When Citigroup and the International Finance Corp. (IFC) teamed up more than a decade ago, the world remained in the midst of an economic crisis that hit small and medium-sized businesses (SMBs) in emerging markets especially hard. Their tie-up led to the creation of the IFC's Global Trade Liquidity Program. Since its 2009 debut, the fund has connected businesses to $35 billion in trade finance.
With the coronavirus pandemic creating the latest wave of global economic disruption, Citi and the IFC are once again joining forces with an additional $800 million fund aimed at connecting SMBs in emerging markets to the trade financing they need to keep the doors open and keep the economic wheels turning.
Speaking with Karen Webster, Citi Treasury and Trade Solutions Global Head of Trade Ebru Pakcan took a glimpse back at the start of the IFC collaboration and explored the strategies the partners took that set the stage for a swift response to today's economic crisis.
As PYMNTS recently reported, the Asian Development Bank has found that the global trade finance gap today stands at an estimated $1.5 trillion. It's too early to tell how the pandemic might lead to an expansion of that gap, but it has clearly persisted for years despite initiatives from FinTechs and banks that aimed to broaden trade finance availability.
Though these independent efforts are important, Pakcan emphasized the role of collaboration in connecting SMBs to the financing they need to conduct global trade.
In addition to working with IFC, Citi is also collaborating with several correspondent banking partners to facilitate financing. The risk is split and disbursed between these collaborators, enabling more financial institutions (FIs) to participate in the effort. Working independently can create concerns within an institution around risk exposure, Pakcan said, as well as balance sheet and liquidity constraints.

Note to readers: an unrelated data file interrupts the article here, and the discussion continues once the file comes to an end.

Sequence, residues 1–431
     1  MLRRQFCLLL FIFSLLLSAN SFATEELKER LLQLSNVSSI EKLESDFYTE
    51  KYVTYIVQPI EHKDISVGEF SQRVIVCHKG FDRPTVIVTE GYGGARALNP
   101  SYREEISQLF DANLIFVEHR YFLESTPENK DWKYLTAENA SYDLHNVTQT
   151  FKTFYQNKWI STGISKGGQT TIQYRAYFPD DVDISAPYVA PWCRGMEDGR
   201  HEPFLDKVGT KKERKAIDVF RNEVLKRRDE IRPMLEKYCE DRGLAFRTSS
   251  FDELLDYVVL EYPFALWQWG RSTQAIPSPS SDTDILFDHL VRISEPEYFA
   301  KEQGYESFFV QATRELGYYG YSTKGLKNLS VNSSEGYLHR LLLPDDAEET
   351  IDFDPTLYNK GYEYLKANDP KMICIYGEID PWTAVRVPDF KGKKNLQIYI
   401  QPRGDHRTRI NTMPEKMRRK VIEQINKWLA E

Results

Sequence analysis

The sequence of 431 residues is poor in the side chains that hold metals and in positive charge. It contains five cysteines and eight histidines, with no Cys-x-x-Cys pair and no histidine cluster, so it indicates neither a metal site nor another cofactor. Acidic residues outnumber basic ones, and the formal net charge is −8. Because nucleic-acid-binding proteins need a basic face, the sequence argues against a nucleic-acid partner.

"The Global Trade Liquidity program is really a risk-sharing facility that allows us to do more business with the qualifying and emerging market FIs in the qualifying countries," she noted.
This risk disbursement model protects FIs while expanding trade finance access for the markets that need it most, and to businesses hit hardest by the pandemic. According to Pakcan, this is why collaboration is one of the key pillars of the initiative, with tie-ups also offering new opportunities to grow important data sets and connect to SMBs that aren't necessarily direct clients.
There are two other key pillars of the program that emerged from the experience Citi and the IFC had when working together in 2009, continued Pakcan: infrastructure investment and contingency planning.
Although Citi nor the IFC could have predicted the pandemic at the time, the creation of the fund in response to the global financial crisis set in place the key infrastructure and processes needed to quickly respond to the next market event.
With the infrastructure established more than a decade ago, the tools were already in place to enable an FI like Citi to quickly inject funds for businesses in emerging markets. Investment in that infrastructure enabled the capacity and monitoring processes that are key to facilitating trade finance, noted Pakcan.
"I think in the future, especially with the continuous globalization, investments in technology and the ability to actually bring such processes to the market will continue to be very important," she said.
Finally, the role of contingency planning in lowering the barriers to launching such an initiative was also vital to the resiliency of the program. Though Pakcan acknowledged that the world continues to change — and certainly does not look the same as it did a decade ago — the ability for technology and infrastructure to adjust to shifting market needs is a critical component to success.
While the majority of the funding targets for Citi and the IFC are the same today as they were back in 2009, there are some different ways in which markets and businesses were hit hardest by the pandemic. With the ability to respond appropriately, initiatives and technology can make the greatest positive impact — not only at the local level, but also on a global scale, as supporting SMB traders in emerging markets means broader support for world trade.
The focus on resiliency should be embraced by financial service providers as well as the businesses they're helping, added Pakcan.
"We're living in a world where operational resilience is very important," she said. "It can come in different ways, so anything that anybody can do in preparation, which may end up getting leveraged for different reasons, is hugely valuable. And I think we should all learn a lesson of operational resilience and readiness."